Page:Popular Science Monthly Volume 82.djvu/157

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153
THE EFFICIENCY OF LABOR

THE PROBLEM OF THE EFFICIENCY OF LABOR
By HOWARD T. LEWIS, M.A.
HIRAM COLLEGE, HIRAM, OHIO

IT may truthfully be said that industrial evolution is little else than the progressive development of economic efficiency, and the various stages in the story of the evolution of industrial society have been largely based upon man's control over nature as indicated by his industrial efficiency. The transition from one stage to the next has ofttimes been imperceptible; at others it has been very marked. The modern period, with its great aggregations of capital and its machine-made products, is so far superior to the handicraft stage that comparisons are made merely for the sake of measuring that development. Yet even before we are thoroughly accustomed to the change, significant facts are presenting themselves which would seem to indicate that we are on the verge of still another era of industrial expansion. And though it is always rash to prophesy, yet it may be safe to say that the effect of this transformation upon society in general and especially upon the relation of employer to employee, will be far greater than we may at first think. This much at least seems certain, that tremendous strides are about to be taken from a purely productive point of view which will at the same time materially affect the condition of the working classes.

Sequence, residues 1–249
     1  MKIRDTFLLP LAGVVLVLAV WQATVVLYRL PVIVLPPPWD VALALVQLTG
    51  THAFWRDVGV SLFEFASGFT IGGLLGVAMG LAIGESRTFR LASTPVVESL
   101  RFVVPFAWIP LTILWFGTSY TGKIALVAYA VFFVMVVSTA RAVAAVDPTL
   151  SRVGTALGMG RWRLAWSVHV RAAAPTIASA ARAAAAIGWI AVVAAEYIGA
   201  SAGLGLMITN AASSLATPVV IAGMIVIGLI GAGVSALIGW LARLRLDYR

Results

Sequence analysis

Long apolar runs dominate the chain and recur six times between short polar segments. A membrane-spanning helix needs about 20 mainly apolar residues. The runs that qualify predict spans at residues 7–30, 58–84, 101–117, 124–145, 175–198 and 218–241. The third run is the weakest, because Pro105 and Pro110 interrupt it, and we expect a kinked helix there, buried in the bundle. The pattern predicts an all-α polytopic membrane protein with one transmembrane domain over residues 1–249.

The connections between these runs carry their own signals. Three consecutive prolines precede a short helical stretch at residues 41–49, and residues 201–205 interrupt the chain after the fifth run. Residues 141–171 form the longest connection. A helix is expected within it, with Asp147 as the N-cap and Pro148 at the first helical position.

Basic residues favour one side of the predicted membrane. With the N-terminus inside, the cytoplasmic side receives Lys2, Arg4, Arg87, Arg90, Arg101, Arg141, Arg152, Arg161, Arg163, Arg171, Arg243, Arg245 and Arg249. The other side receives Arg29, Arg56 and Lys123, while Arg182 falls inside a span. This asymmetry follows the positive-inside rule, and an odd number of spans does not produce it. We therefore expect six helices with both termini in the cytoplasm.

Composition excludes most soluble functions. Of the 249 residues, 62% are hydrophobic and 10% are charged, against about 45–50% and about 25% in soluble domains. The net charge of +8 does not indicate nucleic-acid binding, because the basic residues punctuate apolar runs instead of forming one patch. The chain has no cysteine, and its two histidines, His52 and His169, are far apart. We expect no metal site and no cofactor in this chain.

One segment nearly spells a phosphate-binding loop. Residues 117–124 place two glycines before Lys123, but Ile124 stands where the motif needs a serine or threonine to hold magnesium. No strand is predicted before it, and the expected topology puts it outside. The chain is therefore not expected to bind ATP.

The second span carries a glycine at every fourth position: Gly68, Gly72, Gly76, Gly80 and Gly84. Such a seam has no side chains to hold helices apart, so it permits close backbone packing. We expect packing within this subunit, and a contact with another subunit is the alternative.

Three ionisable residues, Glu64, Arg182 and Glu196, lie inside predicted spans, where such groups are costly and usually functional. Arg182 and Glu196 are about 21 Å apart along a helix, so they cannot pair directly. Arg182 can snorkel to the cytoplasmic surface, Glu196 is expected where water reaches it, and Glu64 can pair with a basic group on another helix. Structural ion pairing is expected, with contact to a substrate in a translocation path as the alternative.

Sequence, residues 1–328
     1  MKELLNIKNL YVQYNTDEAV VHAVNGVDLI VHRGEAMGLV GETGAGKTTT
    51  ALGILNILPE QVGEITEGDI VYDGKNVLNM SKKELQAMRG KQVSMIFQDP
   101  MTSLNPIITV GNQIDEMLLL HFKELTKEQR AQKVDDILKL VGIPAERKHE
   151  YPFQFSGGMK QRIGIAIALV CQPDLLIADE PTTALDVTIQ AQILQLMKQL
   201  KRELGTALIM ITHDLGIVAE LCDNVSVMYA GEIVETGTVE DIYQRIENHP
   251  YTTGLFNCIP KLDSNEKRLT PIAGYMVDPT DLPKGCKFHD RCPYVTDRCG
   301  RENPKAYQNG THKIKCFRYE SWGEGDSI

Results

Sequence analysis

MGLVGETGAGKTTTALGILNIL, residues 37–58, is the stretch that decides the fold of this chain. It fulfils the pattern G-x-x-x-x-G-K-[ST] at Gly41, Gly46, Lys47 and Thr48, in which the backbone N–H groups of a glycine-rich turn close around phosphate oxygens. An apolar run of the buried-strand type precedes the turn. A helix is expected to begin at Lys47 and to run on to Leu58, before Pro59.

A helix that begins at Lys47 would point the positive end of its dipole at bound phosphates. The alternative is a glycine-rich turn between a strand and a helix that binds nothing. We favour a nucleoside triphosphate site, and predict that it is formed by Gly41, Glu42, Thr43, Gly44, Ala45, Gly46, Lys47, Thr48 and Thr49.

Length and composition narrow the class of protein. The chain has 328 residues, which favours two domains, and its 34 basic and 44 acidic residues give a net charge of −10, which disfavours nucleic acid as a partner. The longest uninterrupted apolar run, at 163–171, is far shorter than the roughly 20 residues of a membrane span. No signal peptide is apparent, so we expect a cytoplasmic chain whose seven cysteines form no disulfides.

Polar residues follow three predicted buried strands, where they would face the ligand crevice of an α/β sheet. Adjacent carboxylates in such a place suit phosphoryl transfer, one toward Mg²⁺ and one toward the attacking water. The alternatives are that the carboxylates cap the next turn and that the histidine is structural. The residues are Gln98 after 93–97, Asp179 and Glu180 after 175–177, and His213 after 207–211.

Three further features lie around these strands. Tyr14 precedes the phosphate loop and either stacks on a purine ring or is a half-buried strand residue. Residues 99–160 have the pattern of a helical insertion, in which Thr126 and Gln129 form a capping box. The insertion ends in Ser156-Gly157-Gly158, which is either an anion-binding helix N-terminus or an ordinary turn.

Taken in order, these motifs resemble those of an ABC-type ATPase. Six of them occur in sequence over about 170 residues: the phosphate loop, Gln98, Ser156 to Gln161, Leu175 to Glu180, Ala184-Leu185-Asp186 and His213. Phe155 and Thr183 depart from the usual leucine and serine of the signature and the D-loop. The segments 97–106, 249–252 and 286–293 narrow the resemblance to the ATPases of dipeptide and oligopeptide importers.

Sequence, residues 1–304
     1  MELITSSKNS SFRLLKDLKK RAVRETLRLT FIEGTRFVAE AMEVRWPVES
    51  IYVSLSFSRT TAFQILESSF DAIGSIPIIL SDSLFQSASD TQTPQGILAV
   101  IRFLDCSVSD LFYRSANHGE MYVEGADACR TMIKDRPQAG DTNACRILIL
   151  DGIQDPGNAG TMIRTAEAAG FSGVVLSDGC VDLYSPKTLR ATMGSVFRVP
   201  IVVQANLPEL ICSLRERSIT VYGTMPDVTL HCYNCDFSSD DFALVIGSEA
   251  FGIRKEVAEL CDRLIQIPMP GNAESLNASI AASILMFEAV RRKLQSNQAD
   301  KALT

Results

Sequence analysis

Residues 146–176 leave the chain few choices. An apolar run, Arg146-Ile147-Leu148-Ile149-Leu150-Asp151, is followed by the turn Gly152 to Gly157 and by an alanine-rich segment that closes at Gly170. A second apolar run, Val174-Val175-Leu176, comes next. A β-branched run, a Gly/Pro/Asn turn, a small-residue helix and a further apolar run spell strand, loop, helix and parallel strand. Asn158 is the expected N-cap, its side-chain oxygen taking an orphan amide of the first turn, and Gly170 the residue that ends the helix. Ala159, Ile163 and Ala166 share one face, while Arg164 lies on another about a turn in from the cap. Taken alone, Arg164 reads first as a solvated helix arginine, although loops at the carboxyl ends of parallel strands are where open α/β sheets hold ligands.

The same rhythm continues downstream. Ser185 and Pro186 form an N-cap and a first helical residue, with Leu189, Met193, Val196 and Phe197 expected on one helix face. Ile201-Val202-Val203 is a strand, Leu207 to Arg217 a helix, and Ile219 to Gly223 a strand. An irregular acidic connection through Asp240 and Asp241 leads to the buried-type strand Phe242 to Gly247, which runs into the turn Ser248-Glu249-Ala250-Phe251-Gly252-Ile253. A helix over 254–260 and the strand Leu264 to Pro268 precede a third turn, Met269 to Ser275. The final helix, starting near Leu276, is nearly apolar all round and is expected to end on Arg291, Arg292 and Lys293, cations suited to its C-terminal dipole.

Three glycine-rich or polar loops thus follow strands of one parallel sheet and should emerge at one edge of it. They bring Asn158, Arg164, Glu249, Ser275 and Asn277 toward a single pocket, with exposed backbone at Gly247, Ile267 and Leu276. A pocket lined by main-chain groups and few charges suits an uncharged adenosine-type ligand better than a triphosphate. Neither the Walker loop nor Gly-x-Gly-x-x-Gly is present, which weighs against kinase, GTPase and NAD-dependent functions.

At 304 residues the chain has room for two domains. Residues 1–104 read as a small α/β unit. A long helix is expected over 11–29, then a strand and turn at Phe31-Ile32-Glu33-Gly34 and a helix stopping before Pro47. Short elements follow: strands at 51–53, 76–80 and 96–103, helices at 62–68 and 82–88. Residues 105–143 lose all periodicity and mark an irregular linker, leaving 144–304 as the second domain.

If we eliminate from consideration the element land, and we may safely do so in the present discussion, the production of wealth is the result of two factors, labor and capital, both of which are more or less variable in character. The development of modern power-driven machinery has in recent times been remarkable, and no one would for a moment maintain that the end is in sight. Greater care in the construction and location of mechanical devices already invented will immensely increase their efficiency. Yet it is very questionable if in the future any such radical changes will occur as were witnessed between 1750 and 1850. Perhaps, indeed, it was because of that progress that attention has been in the past chiefly centered upon man's control over nature through the means of mechanical devices. Be that as it may, this much can scarcely be contravened, that those engaged in the active work of production (as well indeed as many theorists) seemed until very recently to have forgotten that capital in the form of machines is only one of the factors upon which the production of wealth depends.